Pastor Abel led the service masterfully.  I immediately concluded that he commands as much respect from his congregants as he does Rockland’s leaders.  Dressed in clerical white robe, ribboned around the neck and front, he finessed the formality of his appearance with the graciousness of a welcoming smile.  He turned to Lota and me, pivoting the subject of his congregational address.  Lota started whispering in my ear, regularly translating the words that I could hardly pronounce, into English.  I heard “Rockland” multiple times as the pastor spoke.  I caught his glancing grin, sometimes a chuckle, like a floating dandelion seed.  The congregation also chuckled, choreographed beautifully with simultaneous head-turning to the late arrivals.

Lota looked at me, nodded in the direction of Pastor Abel, and said, “Let’s go.”

“Up there?” I countered.

Lota raised from his seat, lifted me with his eyes, and motioned with a half twist of his wrist.  “Come on.  You need to say something to the congregation.”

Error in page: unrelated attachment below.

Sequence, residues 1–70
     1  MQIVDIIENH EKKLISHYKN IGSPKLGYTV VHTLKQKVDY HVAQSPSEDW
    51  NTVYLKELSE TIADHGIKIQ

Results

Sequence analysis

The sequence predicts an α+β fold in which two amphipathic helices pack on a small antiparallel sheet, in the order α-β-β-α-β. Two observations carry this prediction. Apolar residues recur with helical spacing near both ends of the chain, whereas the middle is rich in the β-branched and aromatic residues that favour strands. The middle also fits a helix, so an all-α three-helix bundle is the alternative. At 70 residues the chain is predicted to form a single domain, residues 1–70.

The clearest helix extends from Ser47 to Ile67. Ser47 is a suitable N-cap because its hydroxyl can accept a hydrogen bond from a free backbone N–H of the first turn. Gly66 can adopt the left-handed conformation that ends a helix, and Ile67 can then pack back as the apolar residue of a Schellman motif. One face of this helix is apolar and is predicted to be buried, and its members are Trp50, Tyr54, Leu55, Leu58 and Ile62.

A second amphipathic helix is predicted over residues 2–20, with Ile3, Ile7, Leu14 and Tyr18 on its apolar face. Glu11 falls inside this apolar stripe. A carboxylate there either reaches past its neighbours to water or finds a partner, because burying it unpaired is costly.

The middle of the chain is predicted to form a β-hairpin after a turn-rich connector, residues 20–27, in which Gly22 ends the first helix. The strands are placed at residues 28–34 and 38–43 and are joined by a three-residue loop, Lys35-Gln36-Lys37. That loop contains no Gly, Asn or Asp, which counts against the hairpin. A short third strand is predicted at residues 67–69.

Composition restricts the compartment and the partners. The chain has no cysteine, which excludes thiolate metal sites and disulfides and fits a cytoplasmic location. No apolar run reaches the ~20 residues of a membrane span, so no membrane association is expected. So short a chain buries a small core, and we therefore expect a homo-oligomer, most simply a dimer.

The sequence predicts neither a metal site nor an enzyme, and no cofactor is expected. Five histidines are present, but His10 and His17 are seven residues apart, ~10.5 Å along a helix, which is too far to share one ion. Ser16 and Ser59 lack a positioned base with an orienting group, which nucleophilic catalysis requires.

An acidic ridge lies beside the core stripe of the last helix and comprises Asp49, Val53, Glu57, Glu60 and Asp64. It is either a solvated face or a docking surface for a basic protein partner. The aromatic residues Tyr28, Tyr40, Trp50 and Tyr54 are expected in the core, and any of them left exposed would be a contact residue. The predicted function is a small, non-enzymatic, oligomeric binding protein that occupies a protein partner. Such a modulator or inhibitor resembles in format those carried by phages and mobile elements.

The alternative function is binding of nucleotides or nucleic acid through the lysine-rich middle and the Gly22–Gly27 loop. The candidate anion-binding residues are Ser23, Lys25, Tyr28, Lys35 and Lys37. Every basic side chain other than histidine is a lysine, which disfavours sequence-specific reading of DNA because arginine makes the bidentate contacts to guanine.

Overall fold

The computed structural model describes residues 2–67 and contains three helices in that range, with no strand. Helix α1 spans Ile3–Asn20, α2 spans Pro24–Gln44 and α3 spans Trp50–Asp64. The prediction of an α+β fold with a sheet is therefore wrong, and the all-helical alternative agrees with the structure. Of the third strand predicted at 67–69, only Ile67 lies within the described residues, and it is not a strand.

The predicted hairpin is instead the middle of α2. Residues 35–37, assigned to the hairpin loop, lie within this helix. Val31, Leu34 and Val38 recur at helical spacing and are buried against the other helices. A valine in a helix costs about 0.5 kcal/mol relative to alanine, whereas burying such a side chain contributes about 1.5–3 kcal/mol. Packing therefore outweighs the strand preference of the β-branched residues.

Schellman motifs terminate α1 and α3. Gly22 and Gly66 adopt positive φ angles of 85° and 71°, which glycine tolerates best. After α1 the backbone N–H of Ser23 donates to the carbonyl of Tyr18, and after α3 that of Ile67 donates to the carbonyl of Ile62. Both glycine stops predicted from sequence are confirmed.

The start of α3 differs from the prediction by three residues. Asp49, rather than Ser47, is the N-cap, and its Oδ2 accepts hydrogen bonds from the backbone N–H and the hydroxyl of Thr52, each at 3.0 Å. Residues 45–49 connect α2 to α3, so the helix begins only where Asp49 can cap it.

The contrast between the starched-white clerical robe and our more casual dress should have shocked the seated.  But, they all smiled with warmth, perhaps inspired from their pastor.  So, as all eyes, including the pastor’s and Lota’s, pointed at me, I began some sort of convoluted rendition of past relationships between Rockland and Pastor Abel.  I probably embarrassed Pastor Abel when talking about how I tried to change him into a Colorado cowboy a few months back, when he visited Colorado.  I said something about the all-black clerical outfit in which he came dressed, exchanged for a Rockies shirt, a pair of jeans, and a nice pair of hikers.  When I lifted my own hikers to make sure they understood, they laughed.  Pastor Abel admitted that he had all these things back home, but that his congregation wasn’t likely to ever see him in such unspiritual garb.  I kiddingly warned about the pictures that I took of him when he posed for a few in Red Rocks park.